[quote="bobballen_18, post:1, topic:245490"]
I am just wondering, are there many men out there that think God may be calling them to the priesthood, that realize they are a pretty quiet person and not exactly a people person, and still end out being good diocesan priests? I realize that diocesan priests have to be, or at least SHOULD be, pretty good with people and comfortable with talking to "everyone." I think I have such a problem - I am pretty quiet and it takes me awhile to feel comfortable around most people. I am pretty sure that if God is calling me to the priesthood, this would be somewhat of a large obstacle to overcome.
It is kind of bugging me, and I kind of need some encouragement.
I visited my diocesan vocations director, and he discussed the possibility that this fact could mean that I am called to some type of religious life other than a diocesan priest. I realize this may be a possibility, but still, I would like to find out if many current diocesan priests and/or current seminarians have had to overcome this. Any advice?
I hope this comes across as encouragement. Sometimes what I write doesn't say what I mean for it to say. Remember this is one persons opinion.
If you feel called you owe it to yourself to fully explore that calling. You see yourself as quiet, shy. I remember a professor telling me after his first observation of my student teaching, "After the meeting to decide your placement I was worried how you'd handle a class because you came across as quiet."(paraphrased quote) His fears were put to rest upon stepping into that classroom. I share that because roughly 30 years ago I could have written the post that you have.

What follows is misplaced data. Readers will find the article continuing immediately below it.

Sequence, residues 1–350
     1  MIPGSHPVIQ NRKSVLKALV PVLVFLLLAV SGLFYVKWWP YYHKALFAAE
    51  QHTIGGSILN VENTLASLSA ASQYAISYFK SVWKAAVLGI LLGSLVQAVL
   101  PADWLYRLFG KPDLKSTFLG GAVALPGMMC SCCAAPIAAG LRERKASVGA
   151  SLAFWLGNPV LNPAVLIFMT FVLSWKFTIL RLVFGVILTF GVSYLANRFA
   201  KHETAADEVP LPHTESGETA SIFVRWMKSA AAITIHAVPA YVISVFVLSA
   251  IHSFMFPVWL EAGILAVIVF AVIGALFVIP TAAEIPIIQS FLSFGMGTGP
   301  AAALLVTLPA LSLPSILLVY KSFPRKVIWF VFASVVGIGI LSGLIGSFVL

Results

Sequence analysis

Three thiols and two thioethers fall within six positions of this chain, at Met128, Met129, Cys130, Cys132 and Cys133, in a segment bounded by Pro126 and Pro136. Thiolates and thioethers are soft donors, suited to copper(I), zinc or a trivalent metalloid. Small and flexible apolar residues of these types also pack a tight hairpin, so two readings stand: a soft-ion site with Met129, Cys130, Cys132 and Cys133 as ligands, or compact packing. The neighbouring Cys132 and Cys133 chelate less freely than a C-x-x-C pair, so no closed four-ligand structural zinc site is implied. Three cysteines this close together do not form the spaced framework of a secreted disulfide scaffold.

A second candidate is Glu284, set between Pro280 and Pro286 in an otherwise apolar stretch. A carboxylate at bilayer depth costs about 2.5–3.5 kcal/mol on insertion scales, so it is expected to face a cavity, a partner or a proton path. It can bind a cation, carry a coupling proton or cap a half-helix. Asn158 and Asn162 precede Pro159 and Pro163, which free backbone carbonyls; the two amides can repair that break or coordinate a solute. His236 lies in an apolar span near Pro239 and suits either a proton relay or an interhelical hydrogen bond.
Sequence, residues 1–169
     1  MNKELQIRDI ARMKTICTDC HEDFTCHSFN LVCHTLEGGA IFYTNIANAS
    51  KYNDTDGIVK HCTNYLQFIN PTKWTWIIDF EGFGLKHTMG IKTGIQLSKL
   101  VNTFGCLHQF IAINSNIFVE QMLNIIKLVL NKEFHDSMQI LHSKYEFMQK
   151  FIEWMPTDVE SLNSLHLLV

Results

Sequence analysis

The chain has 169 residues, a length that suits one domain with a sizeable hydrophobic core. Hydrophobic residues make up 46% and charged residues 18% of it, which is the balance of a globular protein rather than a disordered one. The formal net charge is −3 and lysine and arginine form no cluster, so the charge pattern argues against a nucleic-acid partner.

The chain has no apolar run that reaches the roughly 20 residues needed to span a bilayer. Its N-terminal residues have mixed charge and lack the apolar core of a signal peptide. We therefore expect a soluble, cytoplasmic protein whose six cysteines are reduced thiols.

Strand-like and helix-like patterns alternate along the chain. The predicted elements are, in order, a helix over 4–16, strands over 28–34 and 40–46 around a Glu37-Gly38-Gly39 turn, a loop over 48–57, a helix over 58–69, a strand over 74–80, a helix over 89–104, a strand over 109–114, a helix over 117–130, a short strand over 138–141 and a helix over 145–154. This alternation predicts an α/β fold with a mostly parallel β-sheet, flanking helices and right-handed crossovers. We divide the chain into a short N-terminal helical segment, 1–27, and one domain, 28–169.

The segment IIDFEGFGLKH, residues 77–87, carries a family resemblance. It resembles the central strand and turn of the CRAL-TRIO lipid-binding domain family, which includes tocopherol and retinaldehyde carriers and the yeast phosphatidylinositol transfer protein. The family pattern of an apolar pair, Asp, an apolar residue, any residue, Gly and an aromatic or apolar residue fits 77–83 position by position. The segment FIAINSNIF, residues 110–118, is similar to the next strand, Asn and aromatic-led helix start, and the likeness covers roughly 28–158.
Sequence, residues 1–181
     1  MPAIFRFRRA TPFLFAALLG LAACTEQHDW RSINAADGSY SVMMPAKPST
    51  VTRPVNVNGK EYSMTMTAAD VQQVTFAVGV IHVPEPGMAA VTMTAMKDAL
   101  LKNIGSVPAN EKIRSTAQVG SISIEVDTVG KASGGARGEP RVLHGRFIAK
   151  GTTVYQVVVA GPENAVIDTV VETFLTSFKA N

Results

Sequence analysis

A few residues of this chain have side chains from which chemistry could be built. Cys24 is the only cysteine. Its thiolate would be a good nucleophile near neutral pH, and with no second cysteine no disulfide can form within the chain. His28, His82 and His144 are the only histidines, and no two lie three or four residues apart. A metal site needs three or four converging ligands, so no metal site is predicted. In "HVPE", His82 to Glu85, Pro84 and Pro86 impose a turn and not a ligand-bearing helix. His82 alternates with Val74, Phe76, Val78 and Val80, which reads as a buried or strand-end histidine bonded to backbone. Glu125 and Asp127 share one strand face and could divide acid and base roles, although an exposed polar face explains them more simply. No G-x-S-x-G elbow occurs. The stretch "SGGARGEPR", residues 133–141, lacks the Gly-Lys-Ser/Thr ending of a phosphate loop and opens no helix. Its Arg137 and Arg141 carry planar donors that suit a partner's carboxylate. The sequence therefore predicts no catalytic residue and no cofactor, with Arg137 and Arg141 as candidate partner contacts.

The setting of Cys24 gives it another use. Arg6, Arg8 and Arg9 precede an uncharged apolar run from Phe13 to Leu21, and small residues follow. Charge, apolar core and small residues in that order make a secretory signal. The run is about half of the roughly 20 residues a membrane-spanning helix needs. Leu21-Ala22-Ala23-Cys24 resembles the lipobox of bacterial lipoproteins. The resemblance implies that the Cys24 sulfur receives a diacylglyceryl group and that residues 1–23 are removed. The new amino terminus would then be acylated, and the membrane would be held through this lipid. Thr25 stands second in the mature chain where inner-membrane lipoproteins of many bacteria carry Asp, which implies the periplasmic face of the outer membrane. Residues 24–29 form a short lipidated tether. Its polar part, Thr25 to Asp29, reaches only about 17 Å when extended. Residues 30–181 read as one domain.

If God is calling you, your positive attributes will shine through, and you'll learn to handle what you have convinced yourself are weaknesses.
Biggest piece of advice I have after reading parts of "To Save a Thousand Souls" by Father Brett A. Brannen is to find a priest that your vocation director recommends or that you feel comfortable with and have them be your spiritual director. You'll need someone to listen and guide you through the discernment process. I had a somewhat active discernment time of three and a half years while in high school and college. Today I look back and think if I would have had a spiritual director (as recommended by the vocation director at the time) that I would have opened up to back when I was in high school I wouldn't be on catholic.com wondering where I went wrong and am I doing what God called me to do.
Don't make this walk on your own. If you do it on your own you'll always be looking back wondering what you should have done differently (unfortunately I speak from experience.)
If you end up where you are feeling called you will eventually have a spiritual director so make it easier on yourself and take that step now.
My prayers are with you.